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Gwyneth Paltrow, her husband Brad Falchuk and children Apple, 18, and Moses, 16, are set to testify during her trial over a 2016 ski crash, her lawyer said in court on Tuesday.

During his opening argument, attorney Stephen Owens said all three would take to the stand and said Paltrow was left ‘freaked out’ by the crash that allegedly left optometrist Terry Sanderson, 72, with a permanent brain injury.

Sanderson has said Paltrow crashed into him but Owens described how Sanderson’s skis appeared between her feet before the pair tumbled to the ground. 

Of Sanderson’s claim – that Paltrow had crashed into him leaving him badly injured – Owens added: ‘We think this is BS.’

Owens claimed that once Sanderson realized who he had hit, he flagged down Ski Patrol, telling them he was hurt badly enough to need help to get off the mountain.

For the opening day of the trial, Gwyneth Paltrow wore a cream roll neck sweater and pale wide-leg pants

For the opening day of the trial, Gwyneth Paltrow wore a cream roll neck sweater and pale wide-leg pants

Paltrow, her husband Brad Falchuk and children Apple, 18, and Moses, 16, are set to testify during her 2016 ski crash trial

Paltrow, her husband Brad Falchuk and children Apple, 18, and Moses, 16, are set to testify during her 2016 ski crash trial

Paltrow, her husband Brad Falchuk and children Apple, 18, and Moses, 16, are set to testify during her 2016 ski crash trial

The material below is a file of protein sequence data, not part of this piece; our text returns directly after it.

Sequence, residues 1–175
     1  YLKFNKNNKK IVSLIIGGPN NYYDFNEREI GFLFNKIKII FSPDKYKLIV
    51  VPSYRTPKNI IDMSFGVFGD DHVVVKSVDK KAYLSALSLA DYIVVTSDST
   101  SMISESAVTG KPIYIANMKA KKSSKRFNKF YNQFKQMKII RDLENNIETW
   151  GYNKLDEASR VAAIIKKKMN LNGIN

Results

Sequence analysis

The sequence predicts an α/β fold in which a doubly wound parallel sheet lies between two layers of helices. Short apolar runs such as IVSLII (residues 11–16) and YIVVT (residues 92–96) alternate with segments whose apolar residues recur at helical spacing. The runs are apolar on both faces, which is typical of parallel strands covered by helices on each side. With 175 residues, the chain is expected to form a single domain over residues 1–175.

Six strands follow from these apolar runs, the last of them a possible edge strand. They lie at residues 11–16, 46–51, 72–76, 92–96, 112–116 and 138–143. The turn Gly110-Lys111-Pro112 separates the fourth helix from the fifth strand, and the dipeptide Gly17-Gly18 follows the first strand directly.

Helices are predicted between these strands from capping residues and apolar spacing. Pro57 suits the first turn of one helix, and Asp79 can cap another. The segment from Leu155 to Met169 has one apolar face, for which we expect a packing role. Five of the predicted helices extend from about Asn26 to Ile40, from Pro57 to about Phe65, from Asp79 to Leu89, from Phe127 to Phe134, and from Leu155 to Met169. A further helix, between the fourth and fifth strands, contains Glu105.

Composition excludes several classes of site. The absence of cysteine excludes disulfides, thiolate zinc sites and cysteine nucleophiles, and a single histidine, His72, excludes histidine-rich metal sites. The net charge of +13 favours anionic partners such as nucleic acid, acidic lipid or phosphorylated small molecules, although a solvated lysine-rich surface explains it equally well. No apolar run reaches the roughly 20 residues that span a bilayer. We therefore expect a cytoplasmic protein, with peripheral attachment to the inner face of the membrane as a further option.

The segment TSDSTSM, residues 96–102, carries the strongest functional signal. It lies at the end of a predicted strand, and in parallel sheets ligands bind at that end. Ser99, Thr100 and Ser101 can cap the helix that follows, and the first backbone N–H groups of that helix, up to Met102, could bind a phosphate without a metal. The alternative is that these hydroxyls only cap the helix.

Dr. Terry Sanderson, who was seen entering court today with a face mask on, sought damages in excess of $3.1 million after the accident left him with a 'permanent traumatic brain injury, four broken ribs, pain, suffering, loss of enjoyment of life, emotional distress and disfigurement'

Dr. Terry Sanderson, who was seen entering court today with a face mask on, sought damages in excess of $3.1 million after the accident left him with a ‘permanent traumatic brain injury, four broken ribs, pain, suffering, loss of enjoyment of life, emotional distress and disfigurement’

The actress was seen stepping out of a black SUV and bundled up in a long coat and shades, keeping her head down as she walked into Park City District Court on Tuesday

The actress was seen stepping out of a black SUV and bundled up in a long coat and shades, keeping her head down as she walked into Park City District Court on Tuesday

The actress was seen stepping out of a black SUV and bundled up in a long coat and shades, keeping her head down as she walked into Park City District Court on Tuesday

Owens also told the jury that Sanderson had suffered from brain issues prior to the accident and said Paltrow has ‘sentimental feelings’ about skiing due to ski trips with her dad as a child and before he died.

He showed the court a photo of Paltrow with son Moses on the day of the crash and told how it was a special trip made to give her children the chance to learn how to ski.

Terry Sanderson (pictured) filed a lawsuit in January 2019 in Utah claiming that Gwyneth Paltrow broke four of his ribs and left him with brain damage after a ski crash 

Owens claimed Sanderson had been cutting across the mountain making a wide turn and had had his back turned when he hit her.

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He also noted that Sanderson had said Paltrow appeared directly in front of him just before the crash and had told Paltrow’s ski instructor he was okay.